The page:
November 28, 2005
This year's hurricane season is one that won't stop giving. Although it officially ends on Wednesday, it isn't showing any signs of winding down.
The 2005 hurricane season is certainly one for the record books. There were 25 named storms, more than in any other year on record. From Arlene to Wilma, then from Alpha to Delta, this season was busy from day one.
"We had a lot of storms unusually early this year. What was unusual about this year was the number of early storms," said Robert Davis, a climatologist at The University of Virginia.
There were several ominous warning signs that this season would be an unusually active one.
"The forecasts were for an active season, not necessarily just this year, but the fact is that since 1995, we've been in a very active period for Atlantic tropical storms and hurricanes," said Davis.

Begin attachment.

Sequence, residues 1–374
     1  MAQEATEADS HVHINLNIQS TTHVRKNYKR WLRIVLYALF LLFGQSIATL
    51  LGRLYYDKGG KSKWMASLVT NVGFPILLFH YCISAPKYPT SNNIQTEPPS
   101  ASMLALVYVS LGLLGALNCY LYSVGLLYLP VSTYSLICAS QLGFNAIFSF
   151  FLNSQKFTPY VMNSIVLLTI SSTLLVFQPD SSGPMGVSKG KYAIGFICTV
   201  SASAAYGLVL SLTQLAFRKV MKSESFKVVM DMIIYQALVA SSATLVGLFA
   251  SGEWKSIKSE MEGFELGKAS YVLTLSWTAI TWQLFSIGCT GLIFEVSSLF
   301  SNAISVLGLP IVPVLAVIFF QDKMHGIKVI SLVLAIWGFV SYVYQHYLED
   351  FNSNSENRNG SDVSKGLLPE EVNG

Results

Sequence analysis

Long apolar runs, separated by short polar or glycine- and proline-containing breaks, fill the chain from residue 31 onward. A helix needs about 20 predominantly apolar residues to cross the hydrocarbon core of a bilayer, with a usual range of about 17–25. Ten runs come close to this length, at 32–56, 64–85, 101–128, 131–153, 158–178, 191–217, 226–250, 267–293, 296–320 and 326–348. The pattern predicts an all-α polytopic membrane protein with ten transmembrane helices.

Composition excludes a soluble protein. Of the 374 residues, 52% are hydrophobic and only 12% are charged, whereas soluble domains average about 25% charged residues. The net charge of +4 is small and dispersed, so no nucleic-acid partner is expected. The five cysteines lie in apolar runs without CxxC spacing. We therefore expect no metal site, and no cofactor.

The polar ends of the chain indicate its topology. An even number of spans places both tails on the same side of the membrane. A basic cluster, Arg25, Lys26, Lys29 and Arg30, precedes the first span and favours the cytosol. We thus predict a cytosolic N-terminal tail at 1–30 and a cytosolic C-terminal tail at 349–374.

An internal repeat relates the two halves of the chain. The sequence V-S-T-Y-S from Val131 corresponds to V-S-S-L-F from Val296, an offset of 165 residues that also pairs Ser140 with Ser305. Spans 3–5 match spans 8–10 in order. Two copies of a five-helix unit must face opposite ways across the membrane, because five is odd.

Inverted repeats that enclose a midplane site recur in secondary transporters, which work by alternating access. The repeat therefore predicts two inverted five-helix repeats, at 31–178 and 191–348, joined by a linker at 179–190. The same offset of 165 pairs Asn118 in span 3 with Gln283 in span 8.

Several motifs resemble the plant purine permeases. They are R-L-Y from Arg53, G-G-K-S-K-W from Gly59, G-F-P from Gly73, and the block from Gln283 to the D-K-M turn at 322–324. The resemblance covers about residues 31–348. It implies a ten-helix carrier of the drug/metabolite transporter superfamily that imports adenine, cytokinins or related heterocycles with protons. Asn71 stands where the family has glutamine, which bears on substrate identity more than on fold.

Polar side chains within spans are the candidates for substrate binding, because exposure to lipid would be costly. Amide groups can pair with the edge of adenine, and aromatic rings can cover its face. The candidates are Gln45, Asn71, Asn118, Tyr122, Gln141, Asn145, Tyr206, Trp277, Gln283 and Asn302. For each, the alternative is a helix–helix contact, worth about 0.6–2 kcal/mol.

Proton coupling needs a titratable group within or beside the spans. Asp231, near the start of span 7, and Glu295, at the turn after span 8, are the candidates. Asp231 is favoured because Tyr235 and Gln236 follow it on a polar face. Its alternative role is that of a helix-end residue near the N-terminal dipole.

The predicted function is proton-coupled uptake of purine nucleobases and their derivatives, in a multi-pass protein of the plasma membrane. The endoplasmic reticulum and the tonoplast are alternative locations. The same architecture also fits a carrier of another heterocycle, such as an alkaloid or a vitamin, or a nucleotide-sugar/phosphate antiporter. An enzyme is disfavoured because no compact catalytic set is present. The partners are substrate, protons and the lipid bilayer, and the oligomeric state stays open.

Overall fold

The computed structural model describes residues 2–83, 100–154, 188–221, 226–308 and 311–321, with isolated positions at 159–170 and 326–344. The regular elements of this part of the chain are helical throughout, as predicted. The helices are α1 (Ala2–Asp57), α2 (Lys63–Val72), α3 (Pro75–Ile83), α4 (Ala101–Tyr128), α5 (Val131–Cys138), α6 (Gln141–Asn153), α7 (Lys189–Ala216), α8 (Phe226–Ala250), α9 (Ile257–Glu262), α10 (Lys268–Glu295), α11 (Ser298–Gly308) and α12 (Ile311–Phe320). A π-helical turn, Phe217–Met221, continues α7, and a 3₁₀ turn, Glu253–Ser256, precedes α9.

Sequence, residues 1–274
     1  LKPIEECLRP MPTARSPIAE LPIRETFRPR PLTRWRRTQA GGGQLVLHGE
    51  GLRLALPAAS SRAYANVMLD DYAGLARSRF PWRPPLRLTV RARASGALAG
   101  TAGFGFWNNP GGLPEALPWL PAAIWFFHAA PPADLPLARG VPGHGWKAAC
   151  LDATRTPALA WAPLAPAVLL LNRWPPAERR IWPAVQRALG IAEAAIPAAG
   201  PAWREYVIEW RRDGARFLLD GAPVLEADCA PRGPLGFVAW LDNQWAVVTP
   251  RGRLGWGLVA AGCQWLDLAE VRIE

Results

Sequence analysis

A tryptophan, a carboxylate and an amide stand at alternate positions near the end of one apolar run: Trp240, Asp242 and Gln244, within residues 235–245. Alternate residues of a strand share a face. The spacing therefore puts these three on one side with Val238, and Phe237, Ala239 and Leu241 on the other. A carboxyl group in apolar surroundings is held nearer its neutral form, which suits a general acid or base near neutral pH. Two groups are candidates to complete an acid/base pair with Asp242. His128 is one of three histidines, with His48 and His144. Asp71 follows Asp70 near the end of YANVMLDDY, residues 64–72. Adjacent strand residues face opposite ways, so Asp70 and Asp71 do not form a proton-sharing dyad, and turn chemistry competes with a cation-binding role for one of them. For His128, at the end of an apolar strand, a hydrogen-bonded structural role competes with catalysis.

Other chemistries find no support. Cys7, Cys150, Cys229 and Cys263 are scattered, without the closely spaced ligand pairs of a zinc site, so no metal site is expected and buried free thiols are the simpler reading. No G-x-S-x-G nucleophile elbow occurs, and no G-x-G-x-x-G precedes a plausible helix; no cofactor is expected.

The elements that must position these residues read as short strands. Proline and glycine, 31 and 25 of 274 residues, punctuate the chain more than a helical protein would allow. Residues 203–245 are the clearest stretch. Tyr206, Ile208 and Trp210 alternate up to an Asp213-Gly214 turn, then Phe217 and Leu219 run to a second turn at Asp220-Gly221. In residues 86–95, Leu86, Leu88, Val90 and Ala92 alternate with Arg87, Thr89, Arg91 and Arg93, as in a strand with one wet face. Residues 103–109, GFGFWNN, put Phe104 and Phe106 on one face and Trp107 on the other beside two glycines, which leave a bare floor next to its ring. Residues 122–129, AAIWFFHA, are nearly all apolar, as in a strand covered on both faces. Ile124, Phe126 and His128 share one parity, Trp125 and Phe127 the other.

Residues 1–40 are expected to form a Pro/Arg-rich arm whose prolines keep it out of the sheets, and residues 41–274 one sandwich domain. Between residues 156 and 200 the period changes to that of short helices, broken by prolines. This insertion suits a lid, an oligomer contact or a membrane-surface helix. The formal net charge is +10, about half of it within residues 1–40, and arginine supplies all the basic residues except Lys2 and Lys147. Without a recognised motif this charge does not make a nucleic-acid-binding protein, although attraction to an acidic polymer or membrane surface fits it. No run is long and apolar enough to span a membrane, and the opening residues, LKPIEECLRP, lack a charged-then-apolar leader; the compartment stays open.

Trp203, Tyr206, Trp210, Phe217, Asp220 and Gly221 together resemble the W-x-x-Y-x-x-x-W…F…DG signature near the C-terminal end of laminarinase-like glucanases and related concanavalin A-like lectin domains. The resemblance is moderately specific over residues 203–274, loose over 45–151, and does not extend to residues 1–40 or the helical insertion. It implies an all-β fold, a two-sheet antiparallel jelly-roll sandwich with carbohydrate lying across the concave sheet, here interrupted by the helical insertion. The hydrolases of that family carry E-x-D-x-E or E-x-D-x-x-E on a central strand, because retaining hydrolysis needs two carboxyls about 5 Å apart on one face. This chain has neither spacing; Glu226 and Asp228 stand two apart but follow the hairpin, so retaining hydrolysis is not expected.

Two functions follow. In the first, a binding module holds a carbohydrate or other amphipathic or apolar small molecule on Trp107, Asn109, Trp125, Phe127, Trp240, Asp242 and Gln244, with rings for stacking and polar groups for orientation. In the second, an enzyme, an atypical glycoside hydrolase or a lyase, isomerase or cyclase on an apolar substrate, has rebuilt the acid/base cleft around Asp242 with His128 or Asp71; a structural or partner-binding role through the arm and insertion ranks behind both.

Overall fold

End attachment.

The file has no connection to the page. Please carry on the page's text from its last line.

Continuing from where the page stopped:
One thing is certain, no warning signs could have prepared us for the sheer devastation from hurricanes like Dennis, Rita, Wilma, and of course, Katrina.
"There was some suspicion that the levees wouldn't hold if there was a major hurricane making landfall in the right location relative to New Orleans," said Davis.
Even parts of the globe that are normally hurricane free received unwelcome tropical guests, like Hurricane Vince in Spain, so what made this season so different?
"Sea surface temperatures were unusually high. Vince [was] an example of a storm that's utilizing warm water in a location where there hadn't been previous storms tracking over that region," said Davis.
As Hurricane Season 2005 slowly dwindles, residents along the Gulf and Atlantic coasts hope that Mother Nature has spun up her last batch of tropical trouble. That is, until next year.
Damage estimates for this year's hurricane season are still coming in, but economic losses from Hurricane Katrina alone could top $100 billion.